Market Power

Musings by an academic economist on the power of markets and the power over markets.

Thursday, November 04, 2004

Arlington Voting Areas

The external benefits and costs associated with a sports stadium are primarily felt in the areas nearest to the stadium. Craig Depken provides a map of Arlington, Tx. here that color codes voting districts with regards to the proportion of votes for public funding for a new stadium for the Cowboys. I have added three concentric circles centered at the site of the new stadium. From smallest to largest, the circles respectively represent areas approximately 1 mile, 2 miles, and 3 miles in radius.

The “red districts” are districts where more than 60% voted to approve public funding. The “light orange districts” and the “yellow districts” are the districts that voted down the referendum. Most of the red districts are located within three miles of the stadium site and are close to major arteries leading to and from the stadium (I-30 and Highway 360). All the districts that border on the intersection of I-30 and Highway 360 are red districts.

Most of the light orange and yellow districts are also near the stadium site and all but one of is within 4 miles of the stadium site.

I was interested in the types of areas around the stadium site (residential or commercial/undeveloped) and how the voters in the areas voted. I’ve never been to Arlington, so I did the next best thing. I went to MapQuest. The map of Arlington below gives us an idea what type of areas these districts are. The stadium site is in the area down and to the left of the intersection of I-30 and Highway 360.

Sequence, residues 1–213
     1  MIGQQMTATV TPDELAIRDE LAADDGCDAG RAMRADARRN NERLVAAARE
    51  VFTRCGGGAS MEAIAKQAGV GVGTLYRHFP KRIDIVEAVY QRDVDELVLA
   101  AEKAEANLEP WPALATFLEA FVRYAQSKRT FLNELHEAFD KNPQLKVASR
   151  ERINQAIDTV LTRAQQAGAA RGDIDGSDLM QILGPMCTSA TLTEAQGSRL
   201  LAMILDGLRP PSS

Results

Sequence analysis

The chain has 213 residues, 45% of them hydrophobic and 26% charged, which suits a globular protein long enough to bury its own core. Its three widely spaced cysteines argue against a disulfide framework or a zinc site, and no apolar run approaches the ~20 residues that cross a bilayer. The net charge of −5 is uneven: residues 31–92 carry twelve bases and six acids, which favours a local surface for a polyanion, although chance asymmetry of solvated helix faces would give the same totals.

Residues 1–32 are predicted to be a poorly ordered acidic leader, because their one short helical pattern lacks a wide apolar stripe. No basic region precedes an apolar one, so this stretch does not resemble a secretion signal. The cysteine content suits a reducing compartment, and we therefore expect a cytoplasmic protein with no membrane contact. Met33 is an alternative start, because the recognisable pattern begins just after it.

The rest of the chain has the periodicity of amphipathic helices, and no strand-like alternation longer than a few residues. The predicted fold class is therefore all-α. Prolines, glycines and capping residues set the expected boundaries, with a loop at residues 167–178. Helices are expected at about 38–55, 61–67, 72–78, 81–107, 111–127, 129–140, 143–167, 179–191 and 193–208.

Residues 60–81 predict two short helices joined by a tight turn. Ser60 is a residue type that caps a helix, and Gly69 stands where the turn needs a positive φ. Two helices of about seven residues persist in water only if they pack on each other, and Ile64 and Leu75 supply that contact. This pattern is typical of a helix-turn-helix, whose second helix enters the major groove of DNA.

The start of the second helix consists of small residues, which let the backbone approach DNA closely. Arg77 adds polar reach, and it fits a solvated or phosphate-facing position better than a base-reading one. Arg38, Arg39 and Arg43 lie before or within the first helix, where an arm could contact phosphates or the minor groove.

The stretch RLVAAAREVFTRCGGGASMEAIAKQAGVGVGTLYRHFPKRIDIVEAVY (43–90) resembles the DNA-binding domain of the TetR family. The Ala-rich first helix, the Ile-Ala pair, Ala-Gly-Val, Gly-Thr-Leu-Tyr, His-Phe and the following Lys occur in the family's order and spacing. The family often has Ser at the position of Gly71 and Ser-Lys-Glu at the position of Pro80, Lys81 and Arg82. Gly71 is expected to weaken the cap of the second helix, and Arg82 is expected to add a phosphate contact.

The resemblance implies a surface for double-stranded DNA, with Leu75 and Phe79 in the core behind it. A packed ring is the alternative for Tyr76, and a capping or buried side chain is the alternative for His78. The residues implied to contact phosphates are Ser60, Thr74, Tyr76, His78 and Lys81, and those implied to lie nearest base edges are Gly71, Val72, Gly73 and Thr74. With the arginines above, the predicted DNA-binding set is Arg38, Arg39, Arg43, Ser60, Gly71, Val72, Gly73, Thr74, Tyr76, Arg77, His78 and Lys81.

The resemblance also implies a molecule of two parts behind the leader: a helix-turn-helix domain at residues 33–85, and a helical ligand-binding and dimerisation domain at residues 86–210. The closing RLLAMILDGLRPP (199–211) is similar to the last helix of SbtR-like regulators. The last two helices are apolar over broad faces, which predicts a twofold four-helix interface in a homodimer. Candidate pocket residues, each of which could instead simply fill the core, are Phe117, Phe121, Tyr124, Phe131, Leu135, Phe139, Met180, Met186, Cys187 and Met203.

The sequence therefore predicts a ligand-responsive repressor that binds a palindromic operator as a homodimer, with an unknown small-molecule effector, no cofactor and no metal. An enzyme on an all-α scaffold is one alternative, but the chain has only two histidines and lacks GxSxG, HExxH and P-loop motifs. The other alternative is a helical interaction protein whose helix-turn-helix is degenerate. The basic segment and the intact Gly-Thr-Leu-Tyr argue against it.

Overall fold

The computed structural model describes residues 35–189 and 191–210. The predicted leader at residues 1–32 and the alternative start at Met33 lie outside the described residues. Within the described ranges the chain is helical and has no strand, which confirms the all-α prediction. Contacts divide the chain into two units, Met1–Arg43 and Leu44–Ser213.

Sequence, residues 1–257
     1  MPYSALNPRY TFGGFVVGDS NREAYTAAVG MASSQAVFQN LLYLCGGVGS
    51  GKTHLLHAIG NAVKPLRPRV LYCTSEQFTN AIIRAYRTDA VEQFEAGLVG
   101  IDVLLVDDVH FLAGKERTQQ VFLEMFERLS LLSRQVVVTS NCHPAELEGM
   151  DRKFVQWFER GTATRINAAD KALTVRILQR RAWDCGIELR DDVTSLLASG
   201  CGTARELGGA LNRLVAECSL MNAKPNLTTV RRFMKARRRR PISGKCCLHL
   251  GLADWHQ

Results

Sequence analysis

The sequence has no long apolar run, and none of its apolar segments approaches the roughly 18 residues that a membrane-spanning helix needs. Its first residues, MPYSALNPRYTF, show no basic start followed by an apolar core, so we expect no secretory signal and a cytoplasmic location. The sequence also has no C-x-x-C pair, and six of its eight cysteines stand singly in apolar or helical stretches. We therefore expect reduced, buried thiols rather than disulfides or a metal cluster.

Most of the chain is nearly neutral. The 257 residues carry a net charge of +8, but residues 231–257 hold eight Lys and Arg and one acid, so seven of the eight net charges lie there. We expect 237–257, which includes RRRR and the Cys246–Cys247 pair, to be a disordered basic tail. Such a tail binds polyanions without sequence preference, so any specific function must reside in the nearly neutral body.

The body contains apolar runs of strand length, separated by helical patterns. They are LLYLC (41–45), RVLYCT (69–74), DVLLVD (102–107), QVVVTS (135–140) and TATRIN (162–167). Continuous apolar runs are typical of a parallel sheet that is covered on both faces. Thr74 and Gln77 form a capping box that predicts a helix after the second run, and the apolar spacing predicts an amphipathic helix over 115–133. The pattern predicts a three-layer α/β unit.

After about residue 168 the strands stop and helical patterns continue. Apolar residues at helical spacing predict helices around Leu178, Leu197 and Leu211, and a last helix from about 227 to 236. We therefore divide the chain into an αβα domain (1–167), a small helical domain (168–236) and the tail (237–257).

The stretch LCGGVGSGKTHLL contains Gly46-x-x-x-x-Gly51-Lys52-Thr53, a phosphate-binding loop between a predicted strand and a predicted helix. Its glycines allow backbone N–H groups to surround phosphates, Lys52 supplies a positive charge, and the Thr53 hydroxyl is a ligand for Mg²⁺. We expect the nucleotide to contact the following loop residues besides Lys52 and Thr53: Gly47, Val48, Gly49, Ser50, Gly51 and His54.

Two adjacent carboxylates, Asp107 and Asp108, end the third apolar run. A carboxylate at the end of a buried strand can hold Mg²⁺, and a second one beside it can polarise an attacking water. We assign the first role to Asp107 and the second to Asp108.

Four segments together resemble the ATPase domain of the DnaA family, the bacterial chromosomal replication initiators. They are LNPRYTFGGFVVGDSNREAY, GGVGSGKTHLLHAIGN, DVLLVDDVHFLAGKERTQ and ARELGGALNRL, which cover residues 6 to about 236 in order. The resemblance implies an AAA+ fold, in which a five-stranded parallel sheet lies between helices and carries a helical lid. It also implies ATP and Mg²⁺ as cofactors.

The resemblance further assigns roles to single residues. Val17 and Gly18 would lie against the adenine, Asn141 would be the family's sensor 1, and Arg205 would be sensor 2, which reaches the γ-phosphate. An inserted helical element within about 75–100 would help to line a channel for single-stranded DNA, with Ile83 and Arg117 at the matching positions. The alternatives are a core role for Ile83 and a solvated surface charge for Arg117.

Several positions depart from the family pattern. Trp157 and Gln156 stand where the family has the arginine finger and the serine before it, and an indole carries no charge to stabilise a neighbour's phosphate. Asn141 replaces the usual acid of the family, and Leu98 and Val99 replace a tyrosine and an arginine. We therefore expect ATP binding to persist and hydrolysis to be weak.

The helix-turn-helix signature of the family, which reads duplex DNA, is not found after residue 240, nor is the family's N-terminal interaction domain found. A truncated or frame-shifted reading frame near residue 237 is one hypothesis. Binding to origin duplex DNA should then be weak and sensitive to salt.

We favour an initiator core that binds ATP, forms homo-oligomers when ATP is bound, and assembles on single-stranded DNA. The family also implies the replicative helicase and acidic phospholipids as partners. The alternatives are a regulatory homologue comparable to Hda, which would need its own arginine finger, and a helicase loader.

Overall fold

The red areas near the stadium are largely devoid of side streets and look to be either zoned commercial or are yet to be fully developed. If so, it’s not surprising how voters in these districts voted since we expect the property owners within reasonable traveling distance of the site to be primary recipients of the external benefits of a new stadium.

Most of the light orange districts nearest to the stadium site are full of side streets. I presume that these light orange districts are largely residential. If so, the voters in these areas won’t realize the external benefits from the stadium but will instead bear some of its external costs (noise, traffic congestion on game day, etc.).

One of the light orange districts (the one immediately south of district containing the stadium site) has a railroad running through it and another one has a General Motors assembly plant in it. The commercial interests in these areas aren’t going to see the external benefits from the stadium but will share in its external costs. Here’s another map that focuses on that area.

So it seems that the special interests near the stadium voted as one would expect them to – those that will get the external benefits mostly voted yes while those that won't get the external benefits but will bear the external costs mostly voted no.